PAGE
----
Looking without being seen

/ 1 September, 2017

(…) I have been travelling to this seductive country for years and have tried to immerse myself into the most isolated and unusual places, wherever you could glimpse a spring of creativity. (…) Gabriel Sánchez Toledo (Cabaiguán, Cuba, 1979), majored in Fine Arts from the Escuela de Arte Samuel Feijóo (Villa Clara), is one of those cases I have been following for some time and his work has gradually evolved until finding its space. In a global world, where everything looks too much like everything, to accomplish your own identity sign is something fundamental. Normally artists try to look for it outside, but Gabriel’s trip to his inner self has had a surprising outcome, simply intimate and personal.

In a short period of time I have been able to visit two of his solo shows, so juxtaposed in its formal character and its procedure as in the distance that separates them. The first one at the Centro de Desarrollo de las Artes Visuales (Center for the Development of Visual Arts, CDAV), in La Habana Vieja (Old Havana) until May the 28th; the second one at QUAN, Center of International Art of Song Zhuang, Beijing, until June the 15th, 2017.

When I faced the work that Gabriel was presenting at the CDAV I was struck by all those worn-out adjectives that art critics often use when somebody leaves us astounded. I refuse to enumerate them… Well, just a few will not do any harm: I thought it was a courageous bet, daring, rupture-like and I would even dare to use the term “brazen”. Both in the presentation—five dozen papers flooded the space and took over the museology; indeed, work on paper, which was considered a minor genre but that has been magnified by all the great artists—as well as in the conceptualization of the work presented. It is not a preparatory work, nor a sketch, rather it is a firm wager for a pictorial reality assumed from the most intimate to be later exported as a joint visualization, as a whole. The “I” turns into “you” or rather “we”, forming a segmented but not partitioned whole.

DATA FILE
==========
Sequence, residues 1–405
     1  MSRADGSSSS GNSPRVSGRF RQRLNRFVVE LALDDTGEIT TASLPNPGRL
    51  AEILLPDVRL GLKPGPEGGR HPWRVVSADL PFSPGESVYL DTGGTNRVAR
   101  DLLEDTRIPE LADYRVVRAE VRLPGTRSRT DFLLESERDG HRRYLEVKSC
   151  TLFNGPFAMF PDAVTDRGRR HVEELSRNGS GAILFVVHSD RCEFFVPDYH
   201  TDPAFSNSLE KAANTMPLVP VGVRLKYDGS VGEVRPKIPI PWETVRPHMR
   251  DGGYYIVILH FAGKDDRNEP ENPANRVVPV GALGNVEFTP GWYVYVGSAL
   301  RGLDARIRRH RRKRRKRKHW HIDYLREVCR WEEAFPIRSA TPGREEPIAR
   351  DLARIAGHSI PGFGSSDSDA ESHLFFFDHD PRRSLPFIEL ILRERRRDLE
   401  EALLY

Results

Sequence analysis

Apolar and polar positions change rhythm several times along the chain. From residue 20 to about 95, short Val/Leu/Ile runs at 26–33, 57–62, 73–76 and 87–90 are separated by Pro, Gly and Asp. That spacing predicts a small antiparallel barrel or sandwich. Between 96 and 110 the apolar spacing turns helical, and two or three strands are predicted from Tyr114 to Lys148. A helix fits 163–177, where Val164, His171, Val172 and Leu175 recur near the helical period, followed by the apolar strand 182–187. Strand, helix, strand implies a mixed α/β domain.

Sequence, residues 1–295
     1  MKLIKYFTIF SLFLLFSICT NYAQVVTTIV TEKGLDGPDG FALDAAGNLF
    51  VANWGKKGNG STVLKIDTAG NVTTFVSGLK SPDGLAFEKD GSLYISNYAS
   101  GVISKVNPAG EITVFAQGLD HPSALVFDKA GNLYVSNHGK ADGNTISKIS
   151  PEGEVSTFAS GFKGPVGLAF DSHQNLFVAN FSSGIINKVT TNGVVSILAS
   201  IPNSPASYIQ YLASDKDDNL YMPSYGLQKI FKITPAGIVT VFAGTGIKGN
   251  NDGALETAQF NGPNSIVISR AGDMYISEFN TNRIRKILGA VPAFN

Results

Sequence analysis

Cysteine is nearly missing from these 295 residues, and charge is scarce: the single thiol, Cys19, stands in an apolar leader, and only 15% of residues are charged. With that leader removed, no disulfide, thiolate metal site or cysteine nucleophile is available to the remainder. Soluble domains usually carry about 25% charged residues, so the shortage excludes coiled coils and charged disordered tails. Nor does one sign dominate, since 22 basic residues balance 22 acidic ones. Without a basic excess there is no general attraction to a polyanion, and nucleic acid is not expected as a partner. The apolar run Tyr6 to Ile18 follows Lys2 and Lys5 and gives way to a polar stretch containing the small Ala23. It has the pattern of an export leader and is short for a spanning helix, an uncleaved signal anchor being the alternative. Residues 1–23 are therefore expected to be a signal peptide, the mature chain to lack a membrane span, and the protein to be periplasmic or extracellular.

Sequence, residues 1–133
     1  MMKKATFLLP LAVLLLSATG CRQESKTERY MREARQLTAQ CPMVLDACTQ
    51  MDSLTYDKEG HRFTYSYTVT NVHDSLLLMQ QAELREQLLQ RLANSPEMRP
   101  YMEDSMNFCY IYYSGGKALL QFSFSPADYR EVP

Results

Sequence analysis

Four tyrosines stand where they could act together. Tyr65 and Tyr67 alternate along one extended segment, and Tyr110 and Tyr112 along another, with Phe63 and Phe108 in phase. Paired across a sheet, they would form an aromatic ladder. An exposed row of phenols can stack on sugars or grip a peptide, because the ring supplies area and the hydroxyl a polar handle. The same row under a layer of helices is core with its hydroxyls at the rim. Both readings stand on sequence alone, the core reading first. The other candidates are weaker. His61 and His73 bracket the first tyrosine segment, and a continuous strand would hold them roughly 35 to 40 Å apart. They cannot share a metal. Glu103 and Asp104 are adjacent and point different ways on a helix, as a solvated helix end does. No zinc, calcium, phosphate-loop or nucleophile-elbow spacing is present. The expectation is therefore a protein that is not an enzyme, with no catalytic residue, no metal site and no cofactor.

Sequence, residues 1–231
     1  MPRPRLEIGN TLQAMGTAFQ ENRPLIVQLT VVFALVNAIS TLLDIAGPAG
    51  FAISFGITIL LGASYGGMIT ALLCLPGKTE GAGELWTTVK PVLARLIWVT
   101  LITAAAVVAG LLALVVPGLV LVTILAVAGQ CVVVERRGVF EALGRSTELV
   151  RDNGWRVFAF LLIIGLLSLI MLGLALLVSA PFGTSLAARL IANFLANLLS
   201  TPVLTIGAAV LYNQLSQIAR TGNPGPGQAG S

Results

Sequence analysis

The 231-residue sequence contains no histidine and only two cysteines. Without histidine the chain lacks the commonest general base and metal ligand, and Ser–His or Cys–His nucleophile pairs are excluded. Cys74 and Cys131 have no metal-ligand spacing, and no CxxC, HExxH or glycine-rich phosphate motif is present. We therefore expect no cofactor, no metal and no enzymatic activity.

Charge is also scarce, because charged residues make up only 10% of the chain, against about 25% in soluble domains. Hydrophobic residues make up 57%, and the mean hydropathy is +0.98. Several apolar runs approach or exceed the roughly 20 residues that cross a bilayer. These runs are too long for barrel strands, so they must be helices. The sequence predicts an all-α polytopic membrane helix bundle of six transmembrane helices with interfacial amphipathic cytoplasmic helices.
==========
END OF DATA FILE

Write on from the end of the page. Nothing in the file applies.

The proposal at Song Zhuang, titled Dust and Fog, is like looking from the other side of the mirror, the reflection is enlarged and it turns pluperfect, the narrative essence remaining. Large pieces on canvas measuring 20 x 20 ft. that display the same strength and the same truth reflected on the papers, the same path.

When I entered the exhibition, my mind was set on the past, a pictorial work close to the abstract landscape. Landscape is part of his DNA: Since he was a small child he used to watch his mother, the prestigious landscapist Ania Toledo, for hours. His academic formation is based on the prestigious Cuban pictorial school, having as referent a generation with forceful poetics like those of Tomás Sánchez, Zaida del Río, Roberto Fabelo, Nelson Domínguez and Pedro Pablo Oliva. When I entered the CDAV I received a surprising image, the space was filled up of black papers that had a force and skill only attained by the greats, and the figurative abstraction almost expressionist that persisted in GST had disappeared completely.

(…) I am disposed to assure, without any apprehension, that Gabriel Sánchez Toledo is one of those artists who learned how to look without being seen, to explore themselves without any complex in order to be able to convey afterwards, that truth that each of their works offer us.

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